The special convention center commission investigating a
possible Boston megaplex said yesterday that both Summer Street
in South Boston and CrossTown in Lower Roxbury "can be made to
work." The commission learned both sites have "environmental,
traffic and other pluses and minuses" but nothing has surfaced to
disqualify either location (Phil Primack, BOSTON HERALD, 5/11).
With recommendations due by the commission on June 1, the the
development team "pushing" CrossTown announced that Lehman
Brothers had agreed to underwrite their bonds and Cruz
Construction Co. and Suffolk Construction Co. have "signed on" as
construction partners (Richard Kindleberger, BOSTON GLOBE, 5/10).
PATRIOTS GETTING ANTSY? The commission toured Foxboro
Stadium with Patriots Owner Robert Kraft and came away with the
impression that Kraft may "move the Patriots if no new stadium is
built." Kraft described Foxboro as "charming" but "economically
obsolete." State Sen. Robert Travaglini: "(Kraft) made it
abundantly clear to us that if the present conditions do not
change, they leave. I fully believe that and the thought
frightens me" (BOSTON HERALD, 5/11).
CLEVELAND ON THE CHARLES? The Red Sox are looking at
Cleveland's Jacobs Field as a model of how to build/finance a new
stadium (Nick Cafardo, BOSTON GLOBE, 5/11).
A survey conducted for this week's CRAIN'S CHICAGO BUSINESS
(302 city and suburban residents from April 27-30) shows that
residents in both the city of Chicago and its suburbs agree that
the state should not help pay for a new stadium for the Bears.
Bears Owner Michael McCaskey has said he will ask the state to
help him pay for a $285M stadium in the suburbs and has chosen
two possible sites for a facility. 74% of city residents and 79%
of suburban residents said no to the plan. Pollster Leo Shapiro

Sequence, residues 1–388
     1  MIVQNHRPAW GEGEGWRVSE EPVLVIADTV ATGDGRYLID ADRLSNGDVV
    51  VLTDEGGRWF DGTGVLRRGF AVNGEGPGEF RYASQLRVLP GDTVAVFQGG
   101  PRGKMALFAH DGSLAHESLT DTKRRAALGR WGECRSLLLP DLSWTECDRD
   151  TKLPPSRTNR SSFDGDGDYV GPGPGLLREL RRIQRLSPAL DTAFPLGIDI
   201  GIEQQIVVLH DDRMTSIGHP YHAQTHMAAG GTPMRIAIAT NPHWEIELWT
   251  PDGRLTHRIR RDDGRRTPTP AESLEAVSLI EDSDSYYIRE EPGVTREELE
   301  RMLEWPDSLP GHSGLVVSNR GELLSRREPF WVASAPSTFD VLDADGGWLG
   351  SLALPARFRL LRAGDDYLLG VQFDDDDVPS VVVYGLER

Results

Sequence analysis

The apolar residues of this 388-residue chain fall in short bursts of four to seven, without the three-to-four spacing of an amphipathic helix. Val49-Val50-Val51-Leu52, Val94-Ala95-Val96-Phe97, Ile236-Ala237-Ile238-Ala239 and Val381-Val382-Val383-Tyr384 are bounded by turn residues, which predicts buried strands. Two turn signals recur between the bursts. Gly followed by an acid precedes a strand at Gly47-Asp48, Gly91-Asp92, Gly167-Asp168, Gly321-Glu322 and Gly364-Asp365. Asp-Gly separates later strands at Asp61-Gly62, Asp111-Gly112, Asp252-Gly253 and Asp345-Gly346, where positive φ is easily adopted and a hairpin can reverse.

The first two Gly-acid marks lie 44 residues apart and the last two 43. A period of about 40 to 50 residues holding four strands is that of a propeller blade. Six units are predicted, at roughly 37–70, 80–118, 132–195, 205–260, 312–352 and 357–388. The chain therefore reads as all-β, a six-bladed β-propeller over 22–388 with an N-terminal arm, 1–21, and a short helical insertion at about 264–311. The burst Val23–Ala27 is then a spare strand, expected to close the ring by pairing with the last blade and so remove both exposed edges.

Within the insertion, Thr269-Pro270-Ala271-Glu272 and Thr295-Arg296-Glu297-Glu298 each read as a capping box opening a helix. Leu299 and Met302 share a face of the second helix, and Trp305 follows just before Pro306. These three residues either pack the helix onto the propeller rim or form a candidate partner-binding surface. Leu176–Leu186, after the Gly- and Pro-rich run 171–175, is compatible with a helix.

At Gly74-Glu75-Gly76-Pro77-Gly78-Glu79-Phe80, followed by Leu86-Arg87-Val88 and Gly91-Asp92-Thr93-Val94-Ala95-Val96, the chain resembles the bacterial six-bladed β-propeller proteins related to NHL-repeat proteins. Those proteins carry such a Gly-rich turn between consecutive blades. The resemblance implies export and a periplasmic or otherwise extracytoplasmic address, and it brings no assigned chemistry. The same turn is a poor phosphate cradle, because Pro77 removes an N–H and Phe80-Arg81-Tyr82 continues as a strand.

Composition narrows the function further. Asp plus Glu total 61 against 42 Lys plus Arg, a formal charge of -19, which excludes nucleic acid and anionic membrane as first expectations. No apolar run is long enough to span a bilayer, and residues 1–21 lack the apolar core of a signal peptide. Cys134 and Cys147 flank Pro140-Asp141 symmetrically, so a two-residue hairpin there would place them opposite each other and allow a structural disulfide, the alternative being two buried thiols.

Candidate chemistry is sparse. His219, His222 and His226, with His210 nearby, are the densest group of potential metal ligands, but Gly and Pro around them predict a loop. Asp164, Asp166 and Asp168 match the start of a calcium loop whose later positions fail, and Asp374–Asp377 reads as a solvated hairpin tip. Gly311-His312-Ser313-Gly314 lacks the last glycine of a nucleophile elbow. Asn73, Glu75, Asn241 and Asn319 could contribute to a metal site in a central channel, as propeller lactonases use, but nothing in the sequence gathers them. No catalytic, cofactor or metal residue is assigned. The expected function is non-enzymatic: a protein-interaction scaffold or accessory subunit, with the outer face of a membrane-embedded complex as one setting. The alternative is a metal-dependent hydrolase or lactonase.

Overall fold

blamed widesweeping opposition to the plan on the team's failure
"to communicate the contribution they make to the community"
(Judith Crown, CRAIN'S CHICAGO BUSINESS, 5/8-14 issue).
WA lawmakers are hoping to vote by Friday on a bill that
would allow the King County Council to raise the county sales tax
by .1 cent according to the Tacoma MORNING NEWS TRIBUNE. This
legislation would create the $27M a year necessary to build a
proposed $280M retractable roof stadium for the Mariners. The
bill would also "provide enough money" to finance ceiling and
roof repairs on the Kingdome. According to State Rep. Steve Van
Luven, the bill would, among other things, establish a "public
facilities district to build and operate" the stadium; require
the Mariners to pay $45M of the cost over 20 years; require the
Mariners to sign a 20-year lease; require the Mariners to play at
least 90% of their home games there; and finally, the bill the
new ballpark is to have a "retractable roof and real grass."
Unlike prior proposals, this deal would not include direct state
participation, though Mariners officials have not "given up hope"
on state money. Mariners VP Paul Isaki: "The issue of state
participation is not entirely closed" (Peter Callaghan, Tacoma
MORNING NEWS TRIBUNE, 5/11).
The cost of financing a new stadium in Milwaukee "could be
lower than previously thought," according to Craig Gilbert of the
MILWAUKEE JOURNAL-SENTINEL. Stadium boosters and public
officials had been under the impression that it would take a
"revenue stream" of $18-22M a year for the next 20 years to pay
for the project. Now, the governor's top cabinet official says
those figures "are getting better." Gilbert writes that while
funding has been discussed, the main question remains: "Who pays
for it." WI Gov. Tommy Thompson said Monday that a stadium
authority or district will be created to manage the entire
process. But Gilbert notes that that still leaves questions as
to "How big the stadium district will be?," and "Who will sit on
the stadium district board?" (MILWAUKEE JOURNAL-SENTINEL, 5/10).
The city of Oakland's planning commission has approved a
$75M plan to make the Oakland Coliseum more "football-friendly,"
according to this morning's OAKLAND TRIBUNE. This announcement
comes as city officials continue to negotiate with Raiders Owner
Al Davis about the team's return to the Bay area. Davis
reportedly "will not consider" moving the team back to Oakland
without a "sign" that officials are serious about the stadium.
Deputy City Manager Ezra Rapport: "We want to make sure there are
no impediments to a successful conclusion of ongoing
negotiations." While planners have signed off on the deal, the
Oakland City Council and the Alameda County Board of Supervisors
still must "agree" to sell bonds to finance the construction
(Salladay & Ronningen, OAKLAND TRIBUNE, 5/11).